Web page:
Nóra Quoirin: Postmortem ongoing, no cause of death revealed

Public urged not to speculate on circumstances surrounding teenager’s death

Sankara N Nair, the lawyer representing the family of Irish teenager Nóra Quoirin, speaks to the media outside a hospital morgue in Seremban, Negeri Sembilan, Malaysia. Video: Reuters

 

The postmortem on the body of Franco-Irish teenager Nóra Quoirin is ongoing and no cause of death has been revealed.

At a press conference on Wednesday, the deputy police chief for Negeri Sembilan, Che Zakaria Othman, said no report could be given about the postmortem and said police would brief the press on Thursday.

Mr Che Zakaria also said there were no new developments in the investigation at the site where Nóra’s body was found.

Sankara N Nair, lawyer representing the family of 15-year-old Irish teenager Nóra Quoirin, speaks to the media outside a hospital morgue in Seremban, Negeri Sembilan, Malaysia. Photograph: Lai Seng Sin/AP Photo
Sankara N Nair, lawyer representing the family of 15-year-old Irish teenager Nóra Quoirin, speaks to the media outside a hospital morgue in Seremban, Negeri Sembilan, Malaysia. Photograph: Lai Seng Sin/AP Photo

The 15-year-old, who had special needs, disappeared from the Dusun resort, 63km outside the Malaysian capital of Kuala Lumpur, on Sunday August 4th. She was on holiday with her mother, who is from Belfast, her French father and her two siblings.

Her unclothed body was found on Tuesday, the 10th day of the search, next to a stream, in an area that had already been covered by the search and rescue teams.

Nóra’s body was found about 2km from the resort by one of a group of 24 local hikers who were assisting in the search.

On Wednesday, Nóra’s family released a statement via the Lucie Blackman Trust, a British victims’ group which has been assisting them.

They said they would like to thank all the people who searched for her and had tried their best to find her.

They thanked the local people in Malaysia and “those far and wide” for their prayers and support.

Broken hearts

Nóra, her family said, had brought people together, especially from France, Ireland, Britain and Malaysia.

Family members arrive to see the body of Nora Quoirin at Tuanku Jaafar Hospital in Seremban, Malaysia. Photograph: Lim Huey Teng/Reuters
Family members arrive to see the body of Nora Quoirin at Tuanku Jaafar Hospital in Seremban, Malaysia. Photograph: Lim Huey Teng/Reuters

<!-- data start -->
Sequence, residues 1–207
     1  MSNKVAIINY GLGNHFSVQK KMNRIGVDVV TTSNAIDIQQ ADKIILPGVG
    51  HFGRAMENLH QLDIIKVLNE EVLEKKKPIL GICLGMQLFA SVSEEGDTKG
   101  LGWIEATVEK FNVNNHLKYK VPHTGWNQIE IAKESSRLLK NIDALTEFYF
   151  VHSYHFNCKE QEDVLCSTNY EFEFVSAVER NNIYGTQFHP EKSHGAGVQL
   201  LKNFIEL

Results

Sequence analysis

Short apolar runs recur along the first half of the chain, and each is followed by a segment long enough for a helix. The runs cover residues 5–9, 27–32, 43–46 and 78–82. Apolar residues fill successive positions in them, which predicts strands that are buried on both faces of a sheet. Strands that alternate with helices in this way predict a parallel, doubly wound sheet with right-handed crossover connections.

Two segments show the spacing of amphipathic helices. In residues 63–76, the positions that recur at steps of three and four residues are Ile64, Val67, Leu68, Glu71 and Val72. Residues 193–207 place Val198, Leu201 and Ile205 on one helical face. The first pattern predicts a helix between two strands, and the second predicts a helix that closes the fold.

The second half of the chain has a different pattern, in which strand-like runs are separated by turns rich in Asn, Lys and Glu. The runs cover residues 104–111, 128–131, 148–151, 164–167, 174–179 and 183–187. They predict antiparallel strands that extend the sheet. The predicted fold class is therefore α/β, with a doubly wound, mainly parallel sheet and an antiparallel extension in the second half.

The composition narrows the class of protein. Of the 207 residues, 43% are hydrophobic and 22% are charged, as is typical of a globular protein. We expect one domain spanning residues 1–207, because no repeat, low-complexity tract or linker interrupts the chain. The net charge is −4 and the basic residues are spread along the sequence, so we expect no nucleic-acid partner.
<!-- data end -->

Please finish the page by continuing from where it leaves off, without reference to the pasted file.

They said she had truly touched the whole world. “To all our friends and family at home, we can’t thank you enough for all your love,” the family said.

“Nóra is at the heart of our family. She is the truest, most precious girl and we love her infinitely. The cruelty of her being taken away is unbearable. Our hearts are broken. We will always love our Nóra.”

Matthew Searle, chief executive of the Lucie Blackman Trust, appealed to people not to speculate about what happened to Nóra: “There will be a time for comment but that time is not now. Let the family grieve in peace,” he said.

The Quoirin family’s lawyer, Sankara N Nair, earlier said Malaysian police should accept an offer by French authorities to help investigate Nóra’s death.

“The family expects the police to do a thorough investigation into the incident, including criminal angles,” said Mr Nair, clarifying an earlier comment that the family “won’t press for anything” did not mean they opposed a full inquiry.

He urged Malaysian police to accept an offer by French foreign minister Jean-Yves Le Drian to help investigate the circumstances. “It’s a very good proposal,” he said. “I hope police will accept the assistance.”

The Paris prosecutor’s office has opened an inquiry for abduction and false imprisonment. The inquiry formally began on August 9th – four days before Nóra’s body was discovered, a spokeswoman confirmed on Wednesday.

Two officials from the prosecutor’s office travelled to Malaysia in recent days as part of the investigation, according to reports from Le Figaro, Franco Info radio and other outlets.

Reward

Nóra’s family had offered a reward of 50,000 Malaysian ringgit (about €10,600) for information leading to her return. The money had been donated by an anonymous Belfast-based business.

It is still not known whether she left the guest house alone and voluntarily. Her body was found in a very inaccessible, hilly area. Her family has said from the start that they believe she was abducted.

Police have not ruled anything out, but have said there is no evidence as yet of foul play.

Police found unidentified fingerprints on a window that was open in the downstairs living room of the guest house the Quoirin family are occupying, but there has been no announcement about the results of forensic examination of those prints.

Lord mayor of Belfast, councillor John Finucane was due to open a book of condolence at City Hall on Wednesday afternoon in memory of Nóra.

The Dusun resort released a statement on Wednesday.

Negeri Sembilan deputy police chief Che Zakaria Othman speaks to media during a press conference at Tunku Jaafar Hospital in Seremban, Malaysia. Photograph: Ahmad Yusni/EPA
Negeri Sembilan deputy police chief Che Zakaria Othman speaks to media during a press conference at Tunku Jaafar Hospital in Seremban, Malaysia. Photograph: Ahmad Yusni/EPA

“The Dusun family and staff would like to convey our deepest condolences to the family of Nóra Quoirin on her demise. We are devastated by the turn of events and we would like to extend our support and assistance in whatever way possible to the Quoirins during these very difficult times,” said the resort.

“We deeply regret that this has happened to the Quoirins during their stay here. We will continue to provide our fullest co-operation to the authorities in their investigation.” – Additional reporting: Reuters/PA